This is a company that has literally and figuratively failed in EVERY consumer venture since 1995. The company has been propped up by enterprise sales so unlike most companies that can spend some $50 BILLION over the past ten years on divisions that has accounted for ZERO profit, they just keep plugging along as if showing up and saying we’re #1 is enough for everyone to fold up and go home. It doesn’t work that way in the consumer market. Microsoft should do two things – a) either just concentrate on the enterprise market or b) acknowledge that they are a lowly consumer brand and accept that fact and just sell on pricing. They have spent too long on poisoning their own name for anything loftier and even if you want to go upscale and upmarket – their recent attempts are just as feeble and ill-conceived such as the Zune or Vista – both positioned as if they’re cool and better than anyone else. They simply aren’t because it’s from Microsoft – a brand that consumers mistrust and associated with poor working technology. It can be fixed but first they have to get off their arrogant horse and realize they are riding an ass and not a horse – no one is fooled.

Buying Yahoo and/or causing further complications (such as requiring users to have a LIVE name to access anything) is only going to further sink their cause.

They are rapidly losing the highest margin customers to Apple. Those with more than $1,000 to spend on a computer are buying Macs 2 to 1.

We know in all computer sales, while PC sales have slowed to a few % points growth, Apple is galloping at 35% – of course, Apple is starting from a smaller base but growth is growth and apparently with each sale, Apple is obviously adding in revenue at $1k per machine while MS only adds $50 per machine in OEM Vista sales.

So, Microsoft is losing market share in the below $1,000 personal computer category – even to Linux in the below $500 category – and what is their response to forces pushing them in from all sides?

To buy Yahoo?

What happens if Google builds an internet desktop that doesn’t require Windows – knowing Google, it will be bundled for FREE with a $300 personal computer … leaving Microsoft with no high end margin sales (or very much diminished if Apple continues to add 35% growth every year) and Google gives away a free OS?

Windows 7 available in 3 years selling for $169 will resolve this?

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9 Comments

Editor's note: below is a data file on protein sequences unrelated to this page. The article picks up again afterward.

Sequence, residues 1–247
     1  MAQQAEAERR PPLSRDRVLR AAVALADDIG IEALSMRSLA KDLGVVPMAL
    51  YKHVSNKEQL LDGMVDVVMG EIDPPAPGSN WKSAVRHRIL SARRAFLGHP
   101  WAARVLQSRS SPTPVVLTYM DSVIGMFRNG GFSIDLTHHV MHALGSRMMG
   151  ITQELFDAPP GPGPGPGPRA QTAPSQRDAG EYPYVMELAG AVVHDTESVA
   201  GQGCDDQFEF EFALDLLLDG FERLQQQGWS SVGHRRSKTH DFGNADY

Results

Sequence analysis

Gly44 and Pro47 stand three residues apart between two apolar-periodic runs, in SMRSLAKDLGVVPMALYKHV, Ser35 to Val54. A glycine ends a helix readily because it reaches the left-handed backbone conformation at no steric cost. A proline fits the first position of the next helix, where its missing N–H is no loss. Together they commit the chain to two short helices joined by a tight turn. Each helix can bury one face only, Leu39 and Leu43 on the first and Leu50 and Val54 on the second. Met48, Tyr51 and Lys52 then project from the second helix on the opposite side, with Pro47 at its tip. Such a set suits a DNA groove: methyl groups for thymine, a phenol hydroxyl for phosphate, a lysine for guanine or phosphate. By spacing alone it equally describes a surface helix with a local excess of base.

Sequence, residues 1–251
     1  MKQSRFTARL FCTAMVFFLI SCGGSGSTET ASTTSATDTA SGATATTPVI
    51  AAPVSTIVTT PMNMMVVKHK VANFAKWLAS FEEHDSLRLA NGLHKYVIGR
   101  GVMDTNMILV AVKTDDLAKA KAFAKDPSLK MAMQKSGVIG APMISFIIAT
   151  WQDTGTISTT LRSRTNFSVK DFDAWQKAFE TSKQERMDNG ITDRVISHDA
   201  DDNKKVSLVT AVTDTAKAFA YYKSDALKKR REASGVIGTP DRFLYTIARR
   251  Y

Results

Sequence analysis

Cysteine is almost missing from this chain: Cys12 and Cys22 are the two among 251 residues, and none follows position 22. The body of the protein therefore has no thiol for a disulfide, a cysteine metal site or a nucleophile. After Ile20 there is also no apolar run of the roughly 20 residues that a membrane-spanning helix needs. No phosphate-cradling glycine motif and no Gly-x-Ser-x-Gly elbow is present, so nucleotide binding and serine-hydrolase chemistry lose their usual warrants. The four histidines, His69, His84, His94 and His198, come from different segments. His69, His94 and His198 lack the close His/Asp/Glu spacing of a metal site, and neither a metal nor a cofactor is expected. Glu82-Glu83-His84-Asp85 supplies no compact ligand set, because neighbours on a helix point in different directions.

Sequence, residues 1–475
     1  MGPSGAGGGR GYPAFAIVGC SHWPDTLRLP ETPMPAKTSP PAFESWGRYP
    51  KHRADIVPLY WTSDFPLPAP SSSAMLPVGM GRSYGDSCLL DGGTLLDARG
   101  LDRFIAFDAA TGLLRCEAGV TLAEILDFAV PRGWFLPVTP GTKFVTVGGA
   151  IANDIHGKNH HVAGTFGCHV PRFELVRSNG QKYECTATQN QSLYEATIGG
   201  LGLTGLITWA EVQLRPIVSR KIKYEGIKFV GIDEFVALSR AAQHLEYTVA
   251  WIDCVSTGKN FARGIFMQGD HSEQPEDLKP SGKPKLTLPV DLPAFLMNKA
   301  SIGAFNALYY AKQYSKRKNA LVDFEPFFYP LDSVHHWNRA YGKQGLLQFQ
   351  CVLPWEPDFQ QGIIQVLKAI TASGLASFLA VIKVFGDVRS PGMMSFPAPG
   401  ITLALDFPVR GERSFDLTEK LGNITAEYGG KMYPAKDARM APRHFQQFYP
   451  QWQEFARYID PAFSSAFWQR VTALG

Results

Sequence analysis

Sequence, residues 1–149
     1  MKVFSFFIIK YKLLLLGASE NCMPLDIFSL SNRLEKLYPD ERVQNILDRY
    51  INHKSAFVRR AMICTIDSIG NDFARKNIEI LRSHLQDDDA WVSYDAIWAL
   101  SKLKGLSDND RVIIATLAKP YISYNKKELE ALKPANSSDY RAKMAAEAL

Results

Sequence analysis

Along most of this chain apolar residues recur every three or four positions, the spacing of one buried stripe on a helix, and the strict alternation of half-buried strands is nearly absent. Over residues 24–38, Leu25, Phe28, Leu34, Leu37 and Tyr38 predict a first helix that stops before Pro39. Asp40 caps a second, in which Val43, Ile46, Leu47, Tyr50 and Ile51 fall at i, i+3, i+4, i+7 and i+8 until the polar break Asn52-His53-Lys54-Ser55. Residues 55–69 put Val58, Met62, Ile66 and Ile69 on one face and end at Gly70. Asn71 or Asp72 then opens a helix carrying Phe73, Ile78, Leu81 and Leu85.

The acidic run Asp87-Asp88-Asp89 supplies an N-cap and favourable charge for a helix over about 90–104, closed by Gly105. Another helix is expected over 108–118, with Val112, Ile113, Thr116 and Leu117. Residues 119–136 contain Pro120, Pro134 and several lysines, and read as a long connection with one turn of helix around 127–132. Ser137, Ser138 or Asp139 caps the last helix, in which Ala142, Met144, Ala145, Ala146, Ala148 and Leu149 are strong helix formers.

Filed under Advertising, Apple, Apple Mac, Computing, Design, Financial, Gadgets, Internet, Marketing, Media, Retail

9 responses to “Mac’s: 66% Market Share – Facts Not Spin

  1. Michael

    Retail.

    While I applaud your post, it’s really important to note this is strictly a retail measure. So, count more consumers than business (who buy direct, not retail, typically). And discount Dell almost entirely (their retail presence is limited at best). It’s a great stat, it sounds really good. But what this is really saying is the other vendors are crap at retail, Apple is good. HP sells value boxes as Staples. Dell largely doesn’t do retail. The cow is dead, mostly. So, who is Apple left to compete with high end in the Retail market?

  2. Apple drinks Microsoft’s milkshake!

  3. Blad_Rnr

    What a great article. You are dead on. We can talk about all the specifics (Michael), but the trend is there. MSFT has lost all respect by their users, at least in the consumer market. And IT people are finally giving Apple a look before they spend their money. The point is MSFT just doesn’t care about the user anymore.

  4. BrianD

    I love my Mac and wouldn’t trade it for a PC. I have been a Mac user since the early 1990’s and find they are the easiest, least complicated machines to run. If it wasn’t for PC based software (mainly proprietary ones) I would run a Mac at work. Now that most of my business is moving to web based applications, I can make that switch in the next year or two.

  5. Realtosh

    This figure about marketshare in the over $1,000 computers does relate only to retail.

    Some say that Apple is good at retail. No joke. They’re getting 66% of computers over $1,000. Yes, this figure is conclusive proof of their strength in retailing.

    But Apple is also good at direct sales which are not reflected here. Example of direct sales would be apple.com and dell.com, who are 2 of the best direct sellers out there. It would be interesting to get the break-down of direct sale marketshare as well. I’m sure Apple is doing well in that category as well; probably not as amazing as they are apparently doing in retail, but Apple should be doing extremely well online.

    Apple is also doing extremely well in the education (K-12) and higher education markets. Also getting that begin to approach their share of retail in some areas.

    The only area where Apple is not doing so well by choice is in business sales. Apple has concentrated on selling to individual end users: consumers and small businesses. Having the better product; it makes sense to target users who have input into the buying decision.